Last Tuesday we debated how to kill a week in between the Sunday of the Amstel Gold and the Sunday of Liége – Bastogne – Liége. The question was whether to explore more of the Ardennes area of Belgium or cross into Germany for some cycling in the Eifel region. The Ardennes region has allegedly colder and quite unpredictable weather this time of year, which almost swung our vote for Eifel but our decision to stay around was mainly influenced by catching La Flèche Wallonne, which runs on the Wednesday in-between the other two races.
We spotted a number of team cars and busses when we drove into Huy on Wednesday morning, especially women’s teams. We hadn’t bargained to catch a professional women’s race as well.
The friendly woman in the information centre provided us with a course map and time tables for the man’s race. Huy turned out to be a better strategic spot rather than the start town of Charleroi and there was plenty of time before the race would make their way to Huy after a late start at 11:35am.
It was before midday and the plan had been to go for a ride and watch the race at the Mur de Huy but we didn’t feel like getting on the bikes at all. It was uncomfortably cold – the kind of wet wind that sips into your bones and chills you from the inside. There was a constant stream of dark clouds and showers moving through.
There is this amazing fortress towering over Huy and there are older lanes, churches and houses in Huy than I had seen so far in Belgium, some date as far back as 1066, but Phil Liggett and Paul Sherwin probably told you more facts and figures about Huy during their race commentary than I could ever copy from our European guide book so let me get straight to the Mur de Huy.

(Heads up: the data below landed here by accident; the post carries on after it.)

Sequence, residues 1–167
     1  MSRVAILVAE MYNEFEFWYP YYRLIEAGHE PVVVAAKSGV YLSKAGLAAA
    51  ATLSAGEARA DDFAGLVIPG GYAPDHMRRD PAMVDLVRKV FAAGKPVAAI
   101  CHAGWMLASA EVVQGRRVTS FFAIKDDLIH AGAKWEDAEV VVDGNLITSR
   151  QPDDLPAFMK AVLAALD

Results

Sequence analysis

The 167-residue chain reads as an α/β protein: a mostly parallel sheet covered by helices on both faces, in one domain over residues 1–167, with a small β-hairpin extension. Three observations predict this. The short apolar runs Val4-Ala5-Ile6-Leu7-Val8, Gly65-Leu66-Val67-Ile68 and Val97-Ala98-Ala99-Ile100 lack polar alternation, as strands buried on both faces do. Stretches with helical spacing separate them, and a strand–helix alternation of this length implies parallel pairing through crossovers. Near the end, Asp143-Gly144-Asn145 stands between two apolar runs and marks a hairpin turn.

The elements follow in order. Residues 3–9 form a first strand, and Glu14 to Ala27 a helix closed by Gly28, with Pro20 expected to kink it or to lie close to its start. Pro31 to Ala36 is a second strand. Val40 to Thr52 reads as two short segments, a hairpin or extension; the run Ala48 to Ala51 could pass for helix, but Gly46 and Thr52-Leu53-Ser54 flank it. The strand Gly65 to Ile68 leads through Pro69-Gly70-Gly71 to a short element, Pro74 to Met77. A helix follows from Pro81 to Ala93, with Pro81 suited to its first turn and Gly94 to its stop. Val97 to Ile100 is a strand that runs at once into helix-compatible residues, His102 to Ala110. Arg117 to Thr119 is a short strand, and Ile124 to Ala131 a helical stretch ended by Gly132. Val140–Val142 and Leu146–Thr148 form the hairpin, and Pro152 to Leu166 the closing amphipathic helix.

I had all the Muurs muddled in my head before I arrived in Belgium but now know that this Mur of Huy is not cobbled. The cobbled Mur is the Muur of Gerardsbergen that used to feature in the Tour of Flanders but got taken off the course this year and subsequently we missed it. But we didn’t miss the Mur de Huy and what a ride it was! I’m still laughing and I’m half angry with Alberto for his boldness that pushed me way outside my comfort zone for an incredibly authentic experience.
On the lower part of the Mur was the usual pre-race action: officials, frités and beer tents, barricades, fences, tape, banners, flags, big chalk letters on road and colourful people. But it wasn’t packed, yet. Nonetheless, the road marshall in pale blue anorak with the Belgian colours was serious about his job and stopped us at the right hander that marked the start of the actual climb to the finish line. The road had been uphill already through the red kite arch a few hundred meters earlier but nothing that was like the Mur. It is by far the hardest climb I have ridden but that afternoon I didn’t notice.
So we looked around a bit, pushed the bikes a bit. At an unpatrolled gap in the barrier people let themselves through and walked up the hill on the road. We did the same. Someone cycled pass. If you know Alberto, you will know that nothing stopped him at that point to mount his bike again. The lower slopes were not so steep and there were few enough people to be able to weave through. Walking in cleats uphill wasn’t very comfortable and Alberto was fast disappearing uphill so I jumped on my bike, too. Only, the further I got, the more crowded it got.